For a half a century, the programmes of both Christian Democrats and Social Democrats blended economic efficiency and social security, seeking to unite liberty, prosperity and solidarity. In far more miserable circumstances than those of today, it was this gamble that pulled Western Europe from its ruins and made it the second-largest economic power in the world, and the first in terms of its citizens' well-being. All that is over. Neither in Germany nor in France are the Leftist parties ready to defend the challenge of the "social market economy".

Resurrecting from antediluvian anathemas, the chairman of the German SPD, Franz Müntefering, thunders against the "locusts" of international capital that pillage productive work, in the hopes that his anti-American and anti-capitalist vituperation will help ward off the anticipated electoral disaster. The turnaround of Gerhard Schröder, the ex-"bosses' friend", is similar to the 180 degree turnaround of Laurent Fabius, the opportunist, liberal French prime minister of former times who is the very opposite of a Bolshevik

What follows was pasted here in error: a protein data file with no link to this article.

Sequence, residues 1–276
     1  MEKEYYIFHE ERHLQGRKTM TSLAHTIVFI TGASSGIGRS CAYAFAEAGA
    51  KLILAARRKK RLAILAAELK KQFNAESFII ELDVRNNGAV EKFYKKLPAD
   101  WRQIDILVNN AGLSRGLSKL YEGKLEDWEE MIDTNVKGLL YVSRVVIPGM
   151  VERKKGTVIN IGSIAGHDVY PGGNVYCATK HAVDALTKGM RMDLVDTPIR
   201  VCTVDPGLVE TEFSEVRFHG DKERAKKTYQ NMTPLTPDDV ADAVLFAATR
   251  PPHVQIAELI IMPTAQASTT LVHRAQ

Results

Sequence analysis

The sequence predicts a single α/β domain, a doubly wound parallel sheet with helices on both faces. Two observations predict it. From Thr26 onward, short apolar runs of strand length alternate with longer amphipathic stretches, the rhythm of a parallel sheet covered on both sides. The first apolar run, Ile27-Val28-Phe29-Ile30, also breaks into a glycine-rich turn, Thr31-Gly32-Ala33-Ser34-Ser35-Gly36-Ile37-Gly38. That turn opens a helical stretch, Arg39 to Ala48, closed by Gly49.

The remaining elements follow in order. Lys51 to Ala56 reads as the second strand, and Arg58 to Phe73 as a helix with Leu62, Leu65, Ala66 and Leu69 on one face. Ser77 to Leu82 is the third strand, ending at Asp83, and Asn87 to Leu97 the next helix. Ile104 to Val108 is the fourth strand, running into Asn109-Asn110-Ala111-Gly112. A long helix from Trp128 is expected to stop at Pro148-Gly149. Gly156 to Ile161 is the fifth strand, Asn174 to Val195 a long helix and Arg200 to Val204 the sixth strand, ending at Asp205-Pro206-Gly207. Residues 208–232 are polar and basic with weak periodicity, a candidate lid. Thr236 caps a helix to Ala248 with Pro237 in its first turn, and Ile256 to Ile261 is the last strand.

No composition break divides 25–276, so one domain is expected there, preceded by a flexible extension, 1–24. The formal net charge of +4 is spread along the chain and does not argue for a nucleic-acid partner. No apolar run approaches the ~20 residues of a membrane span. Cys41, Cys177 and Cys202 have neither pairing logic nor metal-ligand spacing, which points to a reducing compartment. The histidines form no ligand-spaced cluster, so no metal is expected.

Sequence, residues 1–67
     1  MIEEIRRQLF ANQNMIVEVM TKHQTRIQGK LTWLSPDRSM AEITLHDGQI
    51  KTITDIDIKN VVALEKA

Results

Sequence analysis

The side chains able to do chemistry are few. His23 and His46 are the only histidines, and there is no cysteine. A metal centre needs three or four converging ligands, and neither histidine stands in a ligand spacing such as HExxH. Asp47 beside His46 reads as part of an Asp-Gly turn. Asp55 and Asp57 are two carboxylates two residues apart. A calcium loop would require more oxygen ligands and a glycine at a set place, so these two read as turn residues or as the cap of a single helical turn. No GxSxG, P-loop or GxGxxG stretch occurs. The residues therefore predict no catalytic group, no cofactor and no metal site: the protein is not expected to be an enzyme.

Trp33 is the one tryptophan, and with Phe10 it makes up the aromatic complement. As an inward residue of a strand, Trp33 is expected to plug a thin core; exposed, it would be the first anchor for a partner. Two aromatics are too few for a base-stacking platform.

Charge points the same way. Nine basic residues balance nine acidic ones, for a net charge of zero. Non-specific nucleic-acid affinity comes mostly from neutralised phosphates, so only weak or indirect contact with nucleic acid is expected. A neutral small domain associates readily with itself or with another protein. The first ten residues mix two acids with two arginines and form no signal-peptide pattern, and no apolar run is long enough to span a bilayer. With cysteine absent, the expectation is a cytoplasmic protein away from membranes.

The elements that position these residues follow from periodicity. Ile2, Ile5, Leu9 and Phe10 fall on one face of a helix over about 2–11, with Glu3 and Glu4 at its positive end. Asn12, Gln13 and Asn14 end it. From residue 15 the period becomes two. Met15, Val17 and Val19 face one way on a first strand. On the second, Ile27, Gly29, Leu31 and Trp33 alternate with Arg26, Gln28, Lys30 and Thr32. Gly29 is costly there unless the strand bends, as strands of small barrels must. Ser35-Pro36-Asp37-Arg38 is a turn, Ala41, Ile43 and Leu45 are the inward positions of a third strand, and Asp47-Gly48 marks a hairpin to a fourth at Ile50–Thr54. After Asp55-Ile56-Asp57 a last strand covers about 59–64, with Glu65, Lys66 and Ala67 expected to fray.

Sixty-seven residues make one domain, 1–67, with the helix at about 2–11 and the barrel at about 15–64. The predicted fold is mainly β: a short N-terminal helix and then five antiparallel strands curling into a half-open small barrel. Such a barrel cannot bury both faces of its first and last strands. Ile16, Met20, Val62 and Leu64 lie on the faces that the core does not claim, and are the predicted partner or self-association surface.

The success of the French no and the demagogic drift of the European socialists both result from a common moral and mental decline. If there were any new political force worth the name, such a bankruptcy of intelligence and generosity would only have local repercussions, such as the defeat of the SPD-Green coalition in Germany, or amusing twists like the ridicule of French-French narcissism. Unfortunately, no political force either in Berlin or Paris has recognised that the major event of recent months was the "orange revolution", and the emancipation of 50 million Europeans who rose up against post-communist despotism. The European identity is being shaped by the wind of liberty blowing between Kiev and Tbilissi. France, the land of human rights, has now got cold feet, and stands cowering while proud people take up the words it no longer uses, although they are written above every voting office: liberty, equality, fraternity.


The article originally appeared in German in Die Welt on June 1, and in French in Le Figaro on June 2, 2005.

Andre Glucksmann is a philosopher and author of "Master thinkers" (Harper & Row,

Translation: jab. - let's talk european